Report Sees Cloud Trend for OSS Developers
A survey of more than 300 open source software (OSS) developers found that many plan to distribute their solutions as services over the Internet cloud. The survey, conducted by Evans Data Corp. in November, found that 40 percent of respondents planned to go the services route in releasing software.
Developers preferred to use Google's App Engine as their cloud provider, with more than 28 percent of respondents favoring it. The second choice was Amazon's cloud platform, favored by 15 percent of respondents. Nine percent of developers surveyed said they used Microsoft's or IBM's clouds. Just four percent said they used Salesforce.com's cloud platform.
The kinds of OSS solutions being developed by the respondents included "enterprise business application" (30.7 percent), "developer tool" (20.7 percent), "software infrastructure" (15.8 percent), "enterprise systems management" (6.3 percent) and "other" (26.4 percent).
Interest in the cloud seems mutual. Companies, too, appear to be looking toward OSS and cloud platforms as possible cost-saving measures.
"Open source is a fully matured market and as costs increase for multiple resources, more companies are choosing third-party cloud providers as a platform for infrastructure and applications," said John Andrews, president and CEO of Evans Data Corp., in a telephone interview.
The Santa Cruz, Calif.-based research firm found a few other trends among OSS developers. On the virtualization front, more than half (52 percent) of developers are using the Linux operating system in a virtualized environment.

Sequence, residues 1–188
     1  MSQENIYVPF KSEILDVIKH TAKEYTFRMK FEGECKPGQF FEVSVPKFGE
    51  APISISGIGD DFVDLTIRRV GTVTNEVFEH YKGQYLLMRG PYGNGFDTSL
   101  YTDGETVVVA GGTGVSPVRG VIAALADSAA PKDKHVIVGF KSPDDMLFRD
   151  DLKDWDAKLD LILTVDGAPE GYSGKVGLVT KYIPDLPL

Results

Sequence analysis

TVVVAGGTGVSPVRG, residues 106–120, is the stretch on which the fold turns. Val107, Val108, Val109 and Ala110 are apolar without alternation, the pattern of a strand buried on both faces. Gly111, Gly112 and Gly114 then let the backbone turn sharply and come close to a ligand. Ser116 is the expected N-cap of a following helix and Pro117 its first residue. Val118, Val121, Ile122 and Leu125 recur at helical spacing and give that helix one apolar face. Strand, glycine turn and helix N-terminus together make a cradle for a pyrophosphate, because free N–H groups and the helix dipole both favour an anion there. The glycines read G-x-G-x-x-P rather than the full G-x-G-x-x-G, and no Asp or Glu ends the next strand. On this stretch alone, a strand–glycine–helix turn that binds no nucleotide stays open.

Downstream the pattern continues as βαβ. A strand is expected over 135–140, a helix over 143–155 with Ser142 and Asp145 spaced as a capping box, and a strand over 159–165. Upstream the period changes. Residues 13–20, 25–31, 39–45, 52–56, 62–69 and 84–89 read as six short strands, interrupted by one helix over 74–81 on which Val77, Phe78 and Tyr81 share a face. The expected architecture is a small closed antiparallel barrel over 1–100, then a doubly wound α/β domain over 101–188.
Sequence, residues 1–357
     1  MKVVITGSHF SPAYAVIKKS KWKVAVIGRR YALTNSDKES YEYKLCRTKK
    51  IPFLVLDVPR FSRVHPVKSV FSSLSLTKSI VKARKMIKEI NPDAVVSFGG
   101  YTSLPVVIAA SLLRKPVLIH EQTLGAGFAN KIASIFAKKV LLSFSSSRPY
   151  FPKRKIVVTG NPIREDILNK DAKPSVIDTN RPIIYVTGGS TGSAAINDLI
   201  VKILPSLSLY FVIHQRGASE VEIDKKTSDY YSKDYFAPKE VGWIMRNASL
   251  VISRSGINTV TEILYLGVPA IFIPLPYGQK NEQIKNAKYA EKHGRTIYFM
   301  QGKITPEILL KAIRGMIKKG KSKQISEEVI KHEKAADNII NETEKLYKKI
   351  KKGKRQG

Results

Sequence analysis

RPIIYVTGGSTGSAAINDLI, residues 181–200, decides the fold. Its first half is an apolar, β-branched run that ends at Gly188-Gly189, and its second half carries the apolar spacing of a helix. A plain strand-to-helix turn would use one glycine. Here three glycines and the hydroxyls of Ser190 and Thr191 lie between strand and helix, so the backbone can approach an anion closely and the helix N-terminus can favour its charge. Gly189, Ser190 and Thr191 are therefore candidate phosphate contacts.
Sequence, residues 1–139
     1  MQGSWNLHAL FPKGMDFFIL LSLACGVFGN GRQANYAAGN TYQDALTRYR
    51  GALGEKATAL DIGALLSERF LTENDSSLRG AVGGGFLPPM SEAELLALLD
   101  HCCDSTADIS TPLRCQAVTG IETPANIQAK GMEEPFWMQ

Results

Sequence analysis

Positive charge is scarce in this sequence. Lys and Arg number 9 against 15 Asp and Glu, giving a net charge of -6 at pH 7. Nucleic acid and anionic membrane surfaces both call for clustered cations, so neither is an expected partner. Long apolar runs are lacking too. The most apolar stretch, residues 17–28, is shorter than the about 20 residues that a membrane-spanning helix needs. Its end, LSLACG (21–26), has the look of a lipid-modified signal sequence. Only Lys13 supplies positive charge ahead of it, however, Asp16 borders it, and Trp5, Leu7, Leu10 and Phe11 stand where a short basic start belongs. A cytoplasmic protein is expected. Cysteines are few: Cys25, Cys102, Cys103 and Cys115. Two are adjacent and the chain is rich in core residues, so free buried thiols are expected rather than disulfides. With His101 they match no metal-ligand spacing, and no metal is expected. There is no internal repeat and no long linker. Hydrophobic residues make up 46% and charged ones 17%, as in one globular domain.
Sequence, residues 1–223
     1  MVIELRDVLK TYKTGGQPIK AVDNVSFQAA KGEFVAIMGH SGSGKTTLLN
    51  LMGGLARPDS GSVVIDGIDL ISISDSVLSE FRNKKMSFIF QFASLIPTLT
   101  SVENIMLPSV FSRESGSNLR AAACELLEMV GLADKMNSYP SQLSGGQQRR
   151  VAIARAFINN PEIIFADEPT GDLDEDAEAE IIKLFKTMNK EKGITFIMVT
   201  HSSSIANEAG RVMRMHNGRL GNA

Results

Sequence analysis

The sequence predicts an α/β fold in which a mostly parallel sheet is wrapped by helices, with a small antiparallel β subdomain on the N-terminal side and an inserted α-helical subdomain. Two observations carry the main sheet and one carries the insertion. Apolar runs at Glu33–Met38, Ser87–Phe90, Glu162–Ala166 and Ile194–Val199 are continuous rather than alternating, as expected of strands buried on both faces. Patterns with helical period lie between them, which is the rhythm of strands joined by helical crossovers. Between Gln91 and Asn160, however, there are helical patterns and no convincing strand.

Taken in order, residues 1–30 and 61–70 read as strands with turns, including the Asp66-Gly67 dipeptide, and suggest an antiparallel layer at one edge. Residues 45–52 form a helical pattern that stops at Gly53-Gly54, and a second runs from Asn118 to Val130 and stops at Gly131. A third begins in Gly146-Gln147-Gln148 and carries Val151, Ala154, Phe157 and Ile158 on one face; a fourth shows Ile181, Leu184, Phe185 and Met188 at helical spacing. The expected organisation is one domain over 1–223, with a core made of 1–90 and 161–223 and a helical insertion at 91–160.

The database of choice for these developers is either an open source or commercial version of SQL, according to the survey. More than half of the SQL users in the survey used Sun's open source MySQL software.
Mobile app stores represent an important distribution point for OSS solutions, the survey found.
"More than 67 percent of developers we surveyed said they were going to increase revenues in the mobile apps market in the next 12 months," Andrews said. "Interestingly, more than 51 percent also admitted to us that they spend time on nonwork-related open source projects while at work."
To get a summary and some sample chapters of the report, "Open Source/Linux Development 2008, v2," go here.
Herb Torrens is an award-winning freelance writer based in Southern California. He managed the MCSP program for a leading computer telephony integrator for more than five years and has worked with numerous solution providers including HP/Compaq, Nortel, and Microsoft in all forms of media.